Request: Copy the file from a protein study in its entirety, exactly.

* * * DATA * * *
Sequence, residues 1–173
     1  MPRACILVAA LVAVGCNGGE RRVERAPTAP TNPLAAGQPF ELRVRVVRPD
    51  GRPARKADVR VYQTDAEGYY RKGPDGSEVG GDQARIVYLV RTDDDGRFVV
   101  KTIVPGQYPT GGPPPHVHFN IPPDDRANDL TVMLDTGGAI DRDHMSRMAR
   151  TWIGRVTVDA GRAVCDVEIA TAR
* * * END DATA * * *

Sequence, residues 1–173
     1  MPRACILVAA LVAVGCNGGE RRVERAPTAP TNPLAAGQPF ELRVRVVRPD
    51  GRPARKADVR VYQTDAEGYY RKGPDGSEVG GDQARIVYLV RTDDDGRFVV
   101  KTIVPGQYPT GGPPPHVHFN IPPDDRANDL TVMLDTGGAI DRDHMSRMAR
   151  TWIGRVTVDA GRAVCDVEIA TAR